Hemet, or the Landlady Don’t Drink Tea (2023)

Rating: B-

Dir: Tony Olmos
Star: Kimberly Weinberger, Brian Patrick Butler, Aimee La Joie, Randy Davison

“I drink four things: blood, cum, coke and rum. And I’ve already had three of those today.” How you react to that line, spouted by a foul-mouthed geriatric landlady, played by the film’s writer in drag, is probably a good barometer for whether or not this movie is for you. It takes place during a relatively low-key zombie epidemic, where the “salties” are hoboes, roaming the streets and gnawing on people’s legs. This has dropped the country into crisis, with people fearful of being rendered homeless. Or, as said landlady, Liz Topham-Myrtle (Butler) puts it: “Everyone’s picky as fuck about where they live until there’s an epidemic, then all of a sudden, Liz’s shit-shack looks like Buckingham Palace.”

She is the empress of all she surveys, which in this case is a low-rent group of apartment in Hemet, a largely bypassed town inland in Southern California. Liz manages her tenants with an iron first. She will manipulate amenities like parking spaces to the benefit of those in her favour, and punishing the ones she dislikes for slights, real or imaginary, with rent increases or eviction. The residents aren’t happy, but considering the alternatives, have to put up with it. However, things come to a head when the violence in the streets finally spills over into the apartment complex. After tenant Rosie Perkins (Weinberger) gets an unexpected windfall, the stage is set for a face-off against Liz, but the landlady won’t go down without a fight.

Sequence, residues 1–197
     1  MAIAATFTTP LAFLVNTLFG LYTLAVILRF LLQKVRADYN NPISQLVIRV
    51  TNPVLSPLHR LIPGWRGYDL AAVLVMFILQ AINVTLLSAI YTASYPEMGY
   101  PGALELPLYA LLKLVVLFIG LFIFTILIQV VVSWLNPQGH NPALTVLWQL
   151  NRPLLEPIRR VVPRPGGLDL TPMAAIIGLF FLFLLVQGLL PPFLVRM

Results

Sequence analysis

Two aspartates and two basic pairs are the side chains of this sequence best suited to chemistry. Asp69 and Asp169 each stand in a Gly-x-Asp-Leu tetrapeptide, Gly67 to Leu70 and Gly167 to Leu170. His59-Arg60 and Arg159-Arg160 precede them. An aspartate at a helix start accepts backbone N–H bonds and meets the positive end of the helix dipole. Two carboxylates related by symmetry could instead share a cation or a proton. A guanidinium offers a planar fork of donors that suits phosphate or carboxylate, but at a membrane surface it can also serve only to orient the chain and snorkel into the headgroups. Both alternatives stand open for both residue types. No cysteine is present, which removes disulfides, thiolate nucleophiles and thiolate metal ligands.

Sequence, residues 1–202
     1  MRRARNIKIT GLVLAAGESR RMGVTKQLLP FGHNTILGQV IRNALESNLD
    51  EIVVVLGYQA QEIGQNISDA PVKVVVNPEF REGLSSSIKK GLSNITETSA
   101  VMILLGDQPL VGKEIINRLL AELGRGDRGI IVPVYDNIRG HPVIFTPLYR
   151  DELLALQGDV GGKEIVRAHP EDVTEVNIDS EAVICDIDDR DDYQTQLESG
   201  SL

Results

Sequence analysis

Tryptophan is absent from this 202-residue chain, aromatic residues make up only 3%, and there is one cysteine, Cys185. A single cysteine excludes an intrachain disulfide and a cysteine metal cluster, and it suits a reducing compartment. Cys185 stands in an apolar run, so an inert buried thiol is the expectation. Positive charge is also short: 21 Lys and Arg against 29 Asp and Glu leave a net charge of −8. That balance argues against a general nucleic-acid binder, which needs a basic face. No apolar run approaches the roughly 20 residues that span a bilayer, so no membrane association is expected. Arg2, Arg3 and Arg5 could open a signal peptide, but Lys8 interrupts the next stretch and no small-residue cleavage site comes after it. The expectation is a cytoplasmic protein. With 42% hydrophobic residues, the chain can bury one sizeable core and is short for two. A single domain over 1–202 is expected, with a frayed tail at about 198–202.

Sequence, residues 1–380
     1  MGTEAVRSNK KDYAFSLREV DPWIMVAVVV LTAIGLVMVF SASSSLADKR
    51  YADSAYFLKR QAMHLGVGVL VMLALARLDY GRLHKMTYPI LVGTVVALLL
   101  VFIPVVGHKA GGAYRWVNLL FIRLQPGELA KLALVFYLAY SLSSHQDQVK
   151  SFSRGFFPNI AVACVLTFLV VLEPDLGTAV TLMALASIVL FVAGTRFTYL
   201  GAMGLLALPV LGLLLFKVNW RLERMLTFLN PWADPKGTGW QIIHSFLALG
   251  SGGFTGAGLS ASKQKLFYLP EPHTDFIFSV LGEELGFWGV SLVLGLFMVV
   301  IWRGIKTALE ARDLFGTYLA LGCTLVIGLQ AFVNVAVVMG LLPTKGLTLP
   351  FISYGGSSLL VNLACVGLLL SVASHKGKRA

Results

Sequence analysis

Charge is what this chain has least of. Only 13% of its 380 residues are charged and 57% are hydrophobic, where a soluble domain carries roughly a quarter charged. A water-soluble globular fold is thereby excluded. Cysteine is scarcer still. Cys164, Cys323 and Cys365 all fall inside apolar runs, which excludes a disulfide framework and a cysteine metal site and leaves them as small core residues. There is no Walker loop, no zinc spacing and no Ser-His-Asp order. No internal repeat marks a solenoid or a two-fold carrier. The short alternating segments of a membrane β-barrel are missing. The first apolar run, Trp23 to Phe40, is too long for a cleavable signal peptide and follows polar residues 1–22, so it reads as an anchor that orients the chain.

There’s something curiously dated about the whole concept: bath-salts zombies and COVID now largely occupy the same state in the collective consciousness of, “Oh, yeah: I remember it. That shit was cray-zee…” But the combination works for a scenario which consciously is not concerned with trying to take place in the “real” world, so much as be a parable. Albeit one which takes wild, swinging punches at everything from capitalism to pandemic response. As you can imagine with such a reactive piece, some of the attempts land and others don’t. Yet I will say, it’s rarely less than engaging, thanks mostly to Butler’s unhinged performance. This is a malevolent atrocity, pitched somewhere between Tootsie and Monty Python’s Flying Circus.

Butler previously wrote and directed Friend of the World, which was basically a two-hander which took place entirely in a post-apocalyptic bunker. This expands things somewhat, while remaining an exercise in the world falling apart when subjected to external pressures. The apartment complex stands in for society in microcosm, inevitably resulting in a body-count the dumpster full of bodies (top) would suggest. It’s difficult for the rest of the characters to stand against the tsunami-like force which is Liz. You just can’t compete with her cruel venom, spitting out lines like, “She may not look it, but I heard she is… mixed ethnicity“, with an evil intensity. When she’s on screen, it’s hypnotic. Hard times may create strong men, but they also generate monsters.